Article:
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Lookup NU author(s): Dr Naomi Warren,
Dr Margaret Piggott,
Emeritus Professor Elaine Perry,
Professor David Burn
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Progressive supranuclear palsy (PSP) is a progressive neurodegenerative disease characterized by akinetic-rigid features, falls, a supranuclear gaze palsy and subcortical dementia. Pathologically, there is abnormal accumulation of tau protein. Cholinergic deficits are thought to underlie the postural instability and cognitive impairment of PSP, but trials of cholinergic agonists and cholinesterase inhibitors have failed to show improvement in motor function, quality of life and cognitive impairment. The five cortico-basal ganglia loops, linking functionally related areas of the brain, are damaged in PSP, leading to specific clinical deficits. Cholinergic dysfunction is related to loss of cholinergic interneurons in the striatum, compounded by reduced inputs into the circuits from other cholinergic nuclei, such as the pedunculopontine nucleus and nucleus basalis of Meynert. Normal cholinergic transmission requires the presence of intact cholinergic neurons capable of releasing sufficient acetylcholine, and functional muscarinic and nicotinic receptors. Whilst there is evidence from autopsy and in vivo studies of loss of cholinergic neurons in PSP, the receptor status is unknown. This may be critical to understanding the basis for the poor therapeutic response to cholinomimetics. Symptomatic treatment using cholinergic drugs may thus be improved by more specific targeting of cholinergic receptors or nuclei. There is also evidence that cholinergic agents may have disease-modifying effects. This article reviews the key clinical features of PSP, along with normal basal ganglia anatomy and cholinergic transmission. Cholinergic deficits based on clinical and neurochemical parameters are then discussed, before concluding with suggested future directions for cholinergic treatments.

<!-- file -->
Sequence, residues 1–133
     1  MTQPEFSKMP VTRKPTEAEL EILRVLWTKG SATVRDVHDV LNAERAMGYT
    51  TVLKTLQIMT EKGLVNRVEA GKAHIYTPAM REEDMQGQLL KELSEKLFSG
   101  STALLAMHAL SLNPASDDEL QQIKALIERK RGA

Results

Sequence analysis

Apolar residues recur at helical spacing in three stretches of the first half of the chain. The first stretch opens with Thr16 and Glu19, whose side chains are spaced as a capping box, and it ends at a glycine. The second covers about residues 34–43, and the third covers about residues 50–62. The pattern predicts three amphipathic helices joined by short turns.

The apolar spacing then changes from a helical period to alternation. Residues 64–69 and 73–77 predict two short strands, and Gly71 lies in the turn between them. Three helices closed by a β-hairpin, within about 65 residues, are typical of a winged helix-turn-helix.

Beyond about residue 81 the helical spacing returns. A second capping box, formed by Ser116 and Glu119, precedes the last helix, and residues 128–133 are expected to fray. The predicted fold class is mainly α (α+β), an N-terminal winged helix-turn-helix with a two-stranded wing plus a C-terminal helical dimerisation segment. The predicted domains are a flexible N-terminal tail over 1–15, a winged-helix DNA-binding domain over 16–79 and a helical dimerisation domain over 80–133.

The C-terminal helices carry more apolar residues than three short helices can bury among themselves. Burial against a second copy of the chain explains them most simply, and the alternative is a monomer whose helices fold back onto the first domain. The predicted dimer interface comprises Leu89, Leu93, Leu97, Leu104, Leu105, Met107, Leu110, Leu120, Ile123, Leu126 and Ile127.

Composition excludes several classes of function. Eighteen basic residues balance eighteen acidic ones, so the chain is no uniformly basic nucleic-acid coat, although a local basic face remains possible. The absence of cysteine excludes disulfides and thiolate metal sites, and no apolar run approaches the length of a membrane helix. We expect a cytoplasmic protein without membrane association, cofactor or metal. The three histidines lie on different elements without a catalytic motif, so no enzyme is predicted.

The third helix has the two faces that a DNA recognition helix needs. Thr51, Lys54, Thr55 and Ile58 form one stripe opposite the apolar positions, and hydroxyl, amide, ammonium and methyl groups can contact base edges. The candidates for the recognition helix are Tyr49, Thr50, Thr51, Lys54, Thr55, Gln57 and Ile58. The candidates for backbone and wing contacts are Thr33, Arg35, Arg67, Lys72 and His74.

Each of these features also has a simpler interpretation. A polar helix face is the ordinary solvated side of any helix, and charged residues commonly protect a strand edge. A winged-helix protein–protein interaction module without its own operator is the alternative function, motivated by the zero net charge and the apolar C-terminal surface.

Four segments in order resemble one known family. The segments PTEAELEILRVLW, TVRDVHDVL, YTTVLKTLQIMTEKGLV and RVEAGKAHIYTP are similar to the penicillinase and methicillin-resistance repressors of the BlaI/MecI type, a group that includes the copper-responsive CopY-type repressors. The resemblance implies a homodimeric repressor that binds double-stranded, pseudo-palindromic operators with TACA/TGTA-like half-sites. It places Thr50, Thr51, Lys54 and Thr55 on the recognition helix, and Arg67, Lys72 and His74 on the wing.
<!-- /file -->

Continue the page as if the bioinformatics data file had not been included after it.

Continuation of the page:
Author(s): Warren NM, Piggott MA, Perry EK, Burn DJ
Publication type: Review
Publication status: Published
Print publication date: 01/02/2005
ISSN (print): 0006-8950
ISSN (electronic): 1460-2156
PubMed id: 15649952